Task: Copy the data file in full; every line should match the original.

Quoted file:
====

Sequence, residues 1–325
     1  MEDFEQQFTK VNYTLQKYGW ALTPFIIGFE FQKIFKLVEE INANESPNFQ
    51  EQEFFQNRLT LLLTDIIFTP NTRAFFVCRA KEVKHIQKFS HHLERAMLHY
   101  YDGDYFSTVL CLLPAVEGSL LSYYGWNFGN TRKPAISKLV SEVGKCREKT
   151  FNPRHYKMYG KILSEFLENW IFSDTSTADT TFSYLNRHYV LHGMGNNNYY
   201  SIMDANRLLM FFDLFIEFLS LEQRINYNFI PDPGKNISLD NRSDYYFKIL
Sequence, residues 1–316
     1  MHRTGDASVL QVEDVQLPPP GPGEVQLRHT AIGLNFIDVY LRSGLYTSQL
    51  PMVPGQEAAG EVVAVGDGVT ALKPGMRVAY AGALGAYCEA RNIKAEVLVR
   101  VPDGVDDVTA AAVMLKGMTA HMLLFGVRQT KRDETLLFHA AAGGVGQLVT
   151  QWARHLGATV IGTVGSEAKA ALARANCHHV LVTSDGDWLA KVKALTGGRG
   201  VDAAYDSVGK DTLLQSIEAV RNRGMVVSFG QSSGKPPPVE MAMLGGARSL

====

Sequence, residues 1–325
     1  MEDFEQQFTK VNYTLQKYGW ALTPFIIGFE FQKIFKLVEE INANESPNFQ
    51  EQEFFQNRLT LLLTDIIFTP NTRAFFVCRA KEVKHIQKFS HHLERAMLHY
   101  YDGDYFSTVL CLLPAVEGSL LSYYGWNFGN TRKPAISKLV SEVGKCREKT
   151  FNPRHYKMYG KILSEFLENW IFSDTSTADT TFSYLNRHYV LHGMGNNNYY
   201  SIMDANRLLM FFDLFIEFLS LEQRINYNFI PDPGKNISLD NRSDYYFKIL
Sequence, residues 1–316
     1  MHRTGDASVL QVEDVQLPPP GPGEVQLRHT AIGLNFIDVY LRSGLYTSQL
    51  PMVPGQEAAG EVVAVGDGVT ALKPGMRVAY AGALGAYCEA RNIKAEVLVR
   101  VPDGVDDVTA AAVMLKGMTA HMLLFGVRQT KRDETLLFHA AAGGVGQLVT
   151  QWARHLGATV IGTVGSEAKA ALARANCHHV LVTSDGDWLA KVKALTGGRG
   201  VDAAYDSVGK DTLLQSIEAV RNRGMVVSFG QSSGKPPPVE MAMLGGARSL